General Electric is reportedly considering moving into an existing property or building a new one as it relocates its headquarters from Connecticut to Boston. But even if it hasn’t settled on a specific location, the company says it plans to set up shop in Boston’s Seaport District.
So what will that mean for the already heavily commercial neighborhood?
Steve Hollinger, who chronicles the South Boston Waterfront through his FortPointer Twitter feed, said he expects adding GE will be a “net positive’’ from a resident’s perspective.
“It’s a corporation with an industrial and innovation mindset that I think dovetails with the history of this area,’’ Hollinger said. “I’m really positive about GE’s history of innovation. … I think that fits well with the creative community.’’
But Hollinger has a few concerns about adding GE to the mix. In particular, he hopes the headquarters won’t interfere with existing housing plans, neighborhood amenities, or access to the waterfront.
As the Seaport has grown in the last decade-plus with corporate offices and the Boston Convention and Exhibition Center, a common criticism has been that it has failed to establish much of a neighborhood vibe. Hollinger said that even with ongoing residential construction, “it’s hard to feel that commitment to a neighborhood vision.’’
Hollinger noted that GE’s headquarters, expected to employ 800, would be smaller than others in the Seaport. And if it doesn’t interfere with housing goals, the area still has “plenty of room for office space,’’ he said.
“It might as well be a company with a history of innovation,’’ he said.
State Rep. Nick Collins, who represents the neighborhood, said GE plans to meet with officials soon to discuss “how it can be a great community partner’’ on the waterfront.
As one example, Collins said, GE could participate in summer youth employment programs.
More ambitiously, Collins—who said GE’s announcement marked a “great day for the Commonwealth, the city, and the community’’—suggested the company could help pay for transportation improvements in the neighborhood. Traffic and parking are tough in the Seaport, and the Silver Line is often crowded.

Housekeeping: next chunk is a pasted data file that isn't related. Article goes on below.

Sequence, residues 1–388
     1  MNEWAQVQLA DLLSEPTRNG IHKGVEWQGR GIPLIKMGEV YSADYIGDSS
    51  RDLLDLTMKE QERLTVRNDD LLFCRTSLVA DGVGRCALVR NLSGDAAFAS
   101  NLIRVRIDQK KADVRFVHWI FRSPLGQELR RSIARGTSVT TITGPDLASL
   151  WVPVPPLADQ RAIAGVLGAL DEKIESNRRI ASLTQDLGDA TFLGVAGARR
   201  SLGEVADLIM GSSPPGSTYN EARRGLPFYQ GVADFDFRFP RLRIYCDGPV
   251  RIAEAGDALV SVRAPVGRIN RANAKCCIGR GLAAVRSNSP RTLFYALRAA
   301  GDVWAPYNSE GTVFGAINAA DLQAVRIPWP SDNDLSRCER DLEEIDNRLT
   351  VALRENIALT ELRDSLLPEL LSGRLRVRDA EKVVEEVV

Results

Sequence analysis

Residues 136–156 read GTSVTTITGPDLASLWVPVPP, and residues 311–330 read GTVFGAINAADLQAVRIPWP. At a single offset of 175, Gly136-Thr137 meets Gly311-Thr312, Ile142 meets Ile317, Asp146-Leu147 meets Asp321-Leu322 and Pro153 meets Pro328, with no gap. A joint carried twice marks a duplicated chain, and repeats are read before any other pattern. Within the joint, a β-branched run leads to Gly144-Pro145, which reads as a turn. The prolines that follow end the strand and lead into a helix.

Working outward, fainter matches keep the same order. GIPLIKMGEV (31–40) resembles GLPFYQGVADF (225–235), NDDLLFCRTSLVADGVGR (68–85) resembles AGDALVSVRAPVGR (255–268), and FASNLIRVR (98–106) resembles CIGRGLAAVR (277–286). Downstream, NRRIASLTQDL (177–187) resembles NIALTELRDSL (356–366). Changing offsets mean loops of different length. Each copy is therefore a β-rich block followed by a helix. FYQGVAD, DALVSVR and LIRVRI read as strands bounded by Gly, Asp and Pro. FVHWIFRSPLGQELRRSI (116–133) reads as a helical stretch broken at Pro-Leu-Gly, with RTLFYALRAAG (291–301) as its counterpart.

“I’d like to see them come to the table with other private sector partners,’’ he said.
However, at least in the short term, it may be more likely that GE’s transportation needs will be solved by the public, not the other way around.
The incentive package used by the city and the state to entice GE includes a pledge from the city to complete existing transportation projects in the neighborhood. And according to a source familiar with the package, the state’s incentive of as much as $120 million will cover infrastructure costs related to establishing the headquarters. Depending on where GE winds up, that could include new roads, parking facilities, or highway ramps. (It could also be used for utility, sewage, water, and other work.)
To Jeff Bussgang, a venture capitalist with Flybridge Capital in Boston, GE’s choice of location “reinforces’’ the innovation-centric reputation of the Seaport. The neighborhood, whose roster of headquarters includes Vertex Pharmaceuticals and LogMeIn, has also attracted large financial and legal firms.
“I think what the Seaport has become is even more of a destination, with critical mass now,’’ Bussgang said.
Bussgang celebrated GE’s move as a “watershed moment’’ for Boston’s tech sector. Mayor Marty Walsh said Wednesday that GE’s decision could “open the door’’ to more big businesses looking to come to the city.
If GE were to draw other companies to Boston, the Seaport would likely be their top choice as well, Bussgang said.
“If they can find the space,’’ he said.
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